Oh, how I hated doing chores while I was growing up. Weed the flower beds. Shovel snow. Clean up the dishes after dinner.
And, make your bed. It was a chore I couldn’t understand why it was so important. I mean, yes, my dad was a Marine, and my mom loved to keep a neat house, but it seemed like such a waste of time, neatly folding and straightening out the sheets and blankets only to mess them up again later when I tucked in for the night. But, it was a big deal, and even though I couldn’t understand it, I just knew it was trouble if I didn’t take care of it.
Well, Mom and Dad, I’m making my bed. From scratch now. Yes, I’m building a new bed for Rhonda and me, and it’s about time. The original bed we bought when we first got married had served us well. It just was missing one critical thing in our basementless Florida home – storage. So, I set about to build something with a little storage that would be something a little stylish.
It all started, as you might imagine, with getting some supplies at our local home improvement center. I had the folks there cut the sheets down to the basic sizes so they would be easier to get home. And, you bet, it made carrying this stuff a whole lot easier.
Once I had the goodies in the shop, it was a simple matter of carefully marking where things had to be cut and where joinery had to be plowed out.
I turned to my router for most of the dadoes, since the pieces were very large. The rule of thumb is if it’s small enough, bring it to the tool (plow out those dadoes on the table saw), if it’s too large, bring the tool to the wood (routers).
With the dadoes plowed and pieces cut, it was a snap to move to the next step, which is a great tip I remember from Norm Abrams’ master opus when he built his kitchen cabinets – drill a pilot hole through the dadoes on the cut side, so later, when you go to assemble the pieces, you know exactly where to put the screws.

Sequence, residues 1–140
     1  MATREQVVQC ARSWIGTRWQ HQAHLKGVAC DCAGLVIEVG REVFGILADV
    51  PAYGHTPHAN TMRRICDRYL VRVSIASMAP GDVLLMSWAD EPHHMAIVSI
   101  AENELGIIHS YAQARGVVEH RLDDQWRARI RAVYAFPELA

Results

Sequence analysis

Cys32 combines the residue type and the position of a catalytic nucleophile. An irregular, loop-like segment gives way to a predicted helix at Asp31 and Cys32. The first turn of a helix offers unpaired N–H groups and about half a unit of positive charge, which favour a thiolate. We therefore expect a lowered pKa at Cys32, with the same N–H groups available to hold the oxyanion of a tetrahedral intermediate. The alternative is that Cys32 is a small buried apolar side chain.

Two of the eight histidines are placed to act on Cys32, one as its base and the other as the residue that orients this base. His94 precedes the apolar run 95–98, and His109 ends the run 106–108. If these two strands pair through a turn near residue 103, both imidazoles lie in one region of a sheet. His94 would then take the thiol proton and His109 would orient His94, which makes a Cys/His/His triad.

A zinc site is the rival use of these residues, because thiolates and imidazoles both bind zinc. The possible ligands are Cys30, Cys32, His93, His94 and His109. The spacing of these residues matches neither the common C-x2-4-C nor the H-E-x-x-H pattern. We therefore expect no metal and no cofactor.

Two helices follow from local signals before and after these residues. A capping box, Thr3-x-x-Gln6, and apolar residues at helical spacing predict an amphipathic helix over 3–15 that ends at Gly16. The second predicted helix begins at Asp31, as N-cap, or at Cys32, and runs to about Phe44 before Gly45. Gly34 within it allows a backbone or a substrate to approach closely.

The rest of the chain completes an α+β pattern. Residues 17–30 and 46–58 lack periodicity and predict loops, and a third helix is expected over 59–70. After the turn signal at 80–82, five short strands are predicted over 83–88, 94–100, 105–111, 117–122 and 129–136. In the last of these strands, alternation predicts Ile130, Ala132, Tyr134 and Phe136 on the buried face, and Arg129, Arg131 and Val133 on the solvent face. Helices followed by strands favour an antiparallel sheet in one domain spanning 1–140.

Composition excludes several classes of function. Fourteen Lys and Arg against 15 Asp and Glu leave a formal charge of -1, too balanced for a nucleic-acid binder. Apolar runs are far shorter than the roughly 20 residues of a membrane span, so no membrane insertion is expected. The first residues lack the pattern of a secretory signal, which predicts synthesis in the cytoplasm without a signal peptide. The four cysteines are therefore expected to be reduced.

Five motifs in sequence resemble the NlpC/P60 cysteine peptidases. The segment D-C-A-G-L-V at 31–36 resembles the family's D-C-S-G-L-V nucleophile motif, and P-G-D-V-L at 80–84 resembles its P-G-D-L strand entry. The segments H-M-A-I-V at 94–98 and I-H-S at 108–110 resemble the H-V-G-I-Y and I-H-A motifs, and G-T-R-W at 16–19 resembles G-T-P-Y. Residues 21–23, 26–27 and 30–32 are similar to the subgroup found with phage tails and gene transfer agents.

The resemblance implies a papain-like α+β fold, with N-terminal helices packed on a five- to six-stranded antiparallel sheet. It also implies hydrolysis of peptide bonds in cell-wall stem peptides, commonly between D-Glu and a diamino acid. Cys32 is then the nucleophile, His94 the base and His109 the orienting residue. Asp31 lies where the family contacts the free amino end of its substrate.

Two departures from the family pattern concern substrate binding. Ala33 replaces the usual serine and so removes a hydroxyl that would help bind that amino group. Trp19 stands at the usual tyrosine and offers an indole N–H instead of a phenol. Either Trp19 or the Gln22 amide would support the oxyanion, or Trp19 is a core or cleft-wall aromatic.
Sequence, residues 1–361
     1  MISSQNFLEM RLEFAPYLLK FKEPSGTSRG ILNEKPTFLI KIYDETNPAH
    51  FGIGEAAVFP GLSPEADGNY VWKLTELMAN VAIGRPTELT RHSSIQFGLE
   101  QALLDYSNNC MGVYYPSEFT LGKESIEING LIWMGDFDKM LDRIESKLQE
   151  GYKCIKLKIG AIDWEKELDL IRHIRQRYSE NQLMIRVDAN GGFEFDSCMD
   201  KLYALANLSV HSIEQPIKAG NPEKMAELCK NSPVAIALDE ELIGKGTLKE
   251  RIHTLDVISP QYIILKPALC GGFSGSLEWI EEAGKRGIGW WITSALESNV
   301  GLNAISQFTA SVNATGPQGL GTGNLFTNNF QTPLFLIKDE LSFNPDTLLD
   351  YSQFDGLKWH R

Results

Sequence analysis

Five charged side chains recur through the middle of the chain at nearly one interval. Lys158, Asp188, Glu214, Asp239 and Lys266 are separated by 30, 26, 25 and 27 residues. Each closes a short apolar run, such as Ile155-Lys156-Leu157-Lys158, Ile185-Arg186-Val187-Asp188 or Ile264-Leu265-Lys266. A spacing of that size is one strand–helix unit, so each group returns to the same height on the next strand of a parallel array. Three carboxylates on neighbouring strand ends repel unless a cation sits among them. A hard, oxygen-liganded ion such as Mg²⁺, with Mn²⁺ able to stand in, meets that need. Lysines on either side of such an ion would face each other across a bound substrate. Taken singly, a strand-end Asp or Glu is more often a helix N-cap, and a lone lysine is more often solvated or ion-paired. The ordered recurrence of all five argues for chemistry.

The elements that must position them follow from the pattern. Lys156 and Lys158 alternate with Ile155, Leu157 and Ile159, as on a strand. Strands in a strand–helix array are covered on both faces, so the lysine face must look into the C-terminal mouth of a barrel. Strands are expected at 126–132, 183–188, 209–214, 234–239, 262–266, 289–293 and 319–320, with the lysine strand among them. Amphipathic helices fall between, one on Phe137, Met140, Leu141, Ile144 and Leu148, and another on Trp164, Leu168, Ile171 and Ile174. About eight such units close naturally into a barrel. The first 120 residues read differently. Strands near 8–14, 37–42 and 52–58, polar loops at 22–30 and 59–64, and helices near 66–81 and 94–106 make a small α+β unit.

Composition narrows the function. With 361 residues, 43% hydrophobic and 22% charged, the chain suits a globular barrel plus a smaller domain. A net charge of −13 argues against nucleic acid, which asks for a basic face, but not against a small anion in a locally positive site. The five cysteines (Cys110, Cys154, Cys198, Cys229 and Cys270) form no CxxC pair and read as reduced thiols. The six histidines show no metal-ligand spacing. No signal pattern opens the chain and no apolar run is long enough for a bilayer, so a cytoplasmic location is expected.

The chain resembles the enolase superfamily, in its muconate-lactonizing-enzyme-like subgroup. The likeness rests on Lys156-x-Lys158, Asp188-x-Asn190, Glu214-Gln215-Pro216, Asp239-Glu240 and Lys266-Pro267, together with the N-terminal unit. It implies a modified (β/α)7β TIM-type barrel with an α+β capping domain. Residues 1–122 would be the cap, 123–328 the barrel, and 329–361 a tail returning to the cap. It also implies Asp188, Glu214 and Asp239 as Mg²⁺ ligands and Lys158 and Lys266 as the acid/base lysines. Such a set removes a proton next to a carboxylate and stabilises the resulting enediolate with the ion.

With the pilots drilled, it was time to assemble. I grabbed my glue bottle and a huge box of screws and set to work. The pieces needed only the slightest encouragement to drop into the dadoes, which meant I had done a good job getting the joints to fit tightly.
The screws were there to ensure that the piece would remain tight throughout its lifetime. With a whole lot of effort, and some skinned knuckles, I managed to get the cabinets together.
Since a queen size mattress is 60 inches wide, I opted to build the piece as two cabinet halves and bolted them together. This way, Rhonda has a set of three drawers on her side of the bed, and I have a set on mine. It also allowed me to move each half into place, lessening the weight and making them more maneuverable as I threaded my way through the living room into the bedroom.
Once in place, I bolted the two halves together and put the mattress on top. That was plenty of work for one day. I figured I could work on building the head and footboards and drawers and move them into place as they are finished, making more room in my shop to move around.
As far as the old bed goes, well, our neighbor’s daughter is moving out to her own place soon, so I was thinking we could offer her the headboard, footboard, frame and box spring to her so she can set up her bedroom. No sense letting it go to waste.